What Should You Do with Your Orphaned 401(k)?

Estimated reading time: 3 minutes, 10 seconds

Over the past few decades, Americans have witnessed a shift from defined benefit plans to defined contribution plans. The most notable defined contribution plan is the 401(k), many of which are forgotten about once we change jobs.

In fact, millions of Americans are leaving assets in a 401(k) after changing jobs. TIAA-CREF estimates that 30% of respondents (so likely a conservative number) say they’ve left assets in 401(k) or 403(b) plans at a previous employer. That equates to tens of millions of Americans owning “orphaned” plans.

Tax season is a good time to ask yourself if you have an orphaned 401(k) plan needing attention.

Orphaned 401(k)

Why do we leave behind 401(k) plans? Various circumstances have exasperated the problem of orphaned 401(k)s, including

  • a general lack of awareness of what to do with an employer-sponsored plan upon leaving jobs;
  • a higher rate of job-switching among Millennials;
  • an increase of auto-enrollment, sometimes without employees even aware they’re enrolled in a retirement plan; and
  • inequality of investment options among 401(k) plans.

Let’s address the first and last bullet points above.

First, you generally have a handful of options when it comes to what to do with the plan. However, most choose between cashing out and rolling over the assets.

Cashing out your orphaned 401(k) could mean a 10% withdrawal penalty as well as income taxes on the full amount. For many, the immediate tax hit is not preferred and may set a bad precedent for how they deal with retirement funds in the future. Instead, a rollover to another 401(k) or IRA may be the better option.

However, a rollover to another 401(k) may not be a preferred option either. For starters, you may have limited investment options that might contradict with any assets held in your orphaned 401(k). Investments held in your orphaned 401(k) may not even be allowed in your new/current employer’s plan.

Or you may be delayed in having access to your new employer’s 401(k) plan. Many employer plans prohibit enrollment into a 401(k) until the new employee meets a tenure stipulation (often one year). What do you do for that year? Do you just let your orphaned 401(k) remain dormant?

As a result of these challenges, a better option may be to roll the orphaned 401(k) into an IRA.

An IRA may address each of the issues discussed above:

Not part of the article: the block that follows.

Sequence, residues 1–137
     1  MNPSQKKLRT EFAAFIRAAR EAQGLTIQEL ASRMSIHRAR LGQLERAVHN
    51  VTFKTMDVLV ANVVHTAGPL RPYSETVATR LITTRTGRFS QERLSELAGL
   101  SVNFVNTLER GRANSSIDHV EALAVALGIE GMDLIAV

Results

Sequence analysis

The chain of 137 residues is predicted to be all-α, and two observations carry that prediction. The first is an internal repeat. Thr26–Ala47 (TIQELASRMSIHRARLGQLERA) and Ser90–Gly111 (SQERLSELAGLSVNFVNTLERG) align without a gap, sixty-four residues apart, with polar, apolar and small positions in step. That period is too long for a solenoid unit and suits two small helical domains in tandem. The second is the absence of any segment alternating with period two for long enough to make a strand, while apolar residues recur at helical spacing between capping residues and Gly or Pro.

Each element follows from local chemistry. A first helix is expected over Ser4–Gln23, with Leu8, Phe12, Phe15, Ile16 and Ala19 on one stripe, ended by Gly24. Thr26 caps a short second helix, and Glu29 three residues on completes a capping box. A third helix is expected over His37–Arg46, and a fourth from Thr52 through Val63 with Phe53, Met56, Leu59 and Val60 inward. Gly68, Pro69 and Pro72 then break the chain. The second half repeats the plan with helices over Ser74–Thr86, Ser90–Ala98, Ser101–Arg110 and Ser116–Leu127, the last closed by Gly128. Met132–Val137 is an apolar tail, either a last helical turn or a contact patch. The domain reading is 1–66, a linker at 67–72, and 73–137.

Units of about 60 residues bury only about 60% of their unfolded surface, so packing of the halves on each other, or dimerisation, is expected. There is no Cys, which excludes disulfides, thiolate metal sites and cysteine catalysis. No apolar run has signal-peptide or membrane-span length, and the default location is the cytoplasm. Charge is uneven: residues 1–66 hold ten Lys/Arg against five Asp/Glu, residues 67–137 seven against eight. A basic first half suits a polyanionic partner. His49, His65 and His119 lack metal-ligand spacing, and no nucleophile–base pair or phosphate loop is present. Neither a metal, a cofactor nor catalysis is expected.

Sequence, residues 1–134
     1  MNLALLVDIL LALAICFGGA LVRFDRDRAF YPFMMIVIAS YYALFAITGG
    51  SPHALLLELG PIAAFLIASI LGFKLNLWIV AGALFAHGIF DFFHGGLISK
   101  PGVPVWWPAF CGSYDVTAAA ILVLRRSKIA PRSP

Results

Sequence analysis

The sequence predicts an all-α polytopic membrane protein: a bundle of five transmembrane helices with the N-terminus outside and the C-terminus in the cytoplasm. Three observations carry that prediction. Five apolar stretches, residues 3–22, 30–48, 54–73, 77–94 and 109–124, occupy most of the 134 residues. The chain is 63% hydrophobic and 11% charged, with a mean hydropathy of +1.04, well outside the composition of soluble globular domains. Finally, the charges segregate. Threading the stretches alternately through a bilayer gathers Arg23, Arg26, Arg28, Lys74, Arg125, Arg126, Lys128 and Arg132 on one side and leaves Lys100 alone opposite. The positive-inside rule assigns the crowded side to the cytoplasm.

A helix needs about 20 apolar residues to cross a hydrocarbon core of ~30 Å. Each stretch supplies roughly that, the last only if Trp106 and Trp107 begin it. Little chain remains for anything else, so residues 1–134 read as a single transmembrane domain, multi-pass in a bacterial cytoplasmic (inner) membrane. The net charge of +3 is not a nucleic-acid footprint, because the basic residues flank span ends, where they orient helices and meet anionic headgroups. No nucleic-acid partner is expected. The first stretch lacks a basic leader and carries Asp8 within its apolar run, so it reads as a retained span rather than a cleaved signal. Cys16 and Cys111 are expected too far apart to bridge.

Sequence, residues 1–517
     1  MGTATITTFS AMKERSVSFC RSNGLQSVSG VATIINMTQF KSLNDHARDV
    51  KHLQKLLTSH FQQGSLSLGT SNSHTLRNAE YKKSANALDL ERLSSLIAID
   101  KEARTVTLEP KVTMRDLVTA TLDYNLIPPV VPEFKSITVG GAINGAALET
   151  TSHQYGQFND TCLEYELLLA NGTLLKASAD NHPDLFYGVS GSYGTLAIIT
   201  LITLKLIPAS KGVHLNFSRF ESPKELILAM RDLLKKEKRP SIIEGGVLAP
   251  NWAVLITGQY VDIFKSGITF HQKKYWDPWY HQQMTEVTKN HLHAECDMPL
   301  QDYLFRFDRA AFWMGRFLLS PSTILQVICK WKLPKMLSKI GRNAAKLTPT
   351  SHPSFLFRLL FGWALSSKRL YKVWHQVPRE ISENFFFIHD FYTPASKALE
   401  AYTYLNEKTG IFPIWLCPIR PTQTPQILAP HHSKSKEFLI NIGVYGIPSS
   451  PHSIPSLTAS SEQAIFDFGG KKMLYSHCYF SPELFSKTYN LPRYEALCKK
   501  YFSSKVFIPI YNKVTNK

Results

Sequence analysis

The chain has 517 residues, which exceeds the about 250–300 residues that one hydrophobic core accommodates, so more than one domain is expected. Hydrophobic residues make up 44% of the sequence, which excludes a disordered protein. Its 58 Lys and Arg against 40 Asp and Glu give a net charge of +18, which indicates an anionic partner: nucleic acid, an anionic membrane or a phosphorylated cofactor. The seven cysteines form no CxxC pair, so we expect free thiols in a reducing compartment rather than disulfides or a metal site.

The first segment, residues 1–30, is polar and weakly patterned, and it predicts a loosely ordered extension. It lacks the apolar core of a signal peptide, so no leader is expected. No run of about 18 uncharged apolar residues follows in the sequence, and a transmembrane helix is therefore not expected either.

• a properly-performed 60-day rollover into an IRA will avoid withdrawal penalties and taxes;
  • an IRA, particularly a Self-Directed IRA like those held by Kingdom Trust, will provide a wealth of investment options; and
  • if you choose, you may use the IRA as a rollover vehicle to bridge the gap between investment activity in the orphaned 401(k) and any activity in a new 401(k).

There may be a waiting period with your former employer before you can address any assets in the orphaned 401(k). When you’re able to deal with the orphaned account, however, the rollover process is generally pretty painless.

Contact the investment firm managing the orphaned 401(k) and inform them you’d like to roll the account into an IRA. Some firms will allow a direct rollover, but generally they prefer to distribute the assets to the account holder so he or she will be tasked with the interaction with the new trustee or custodian.

Presuming it’s an indirect, 60-day rollover, you have a 60-day grace period before the distribution is treated as taxable income. As long as you deposit the assets into the new IRA before that period ends, you should retain the tax advantages of the account.

If you have an orphaned 401(k) and want to roll over to a Kingdom Trust account, all you’ll need to do for us is complete a Deposit Instructions form once you have the distribution. After you fund the account, you may begin to make investments in the new IRA. You will be able to take an active role in your retirement instead of having an orphaned account sit unused.

This site uses cookies to learn how to communicate better with our website visitors and share the most relevant information. By continuing to browse the site, you are agreeing to the use of our cookies. Privacy Policy
You are currently allowing us to set cookies. Privacy Policy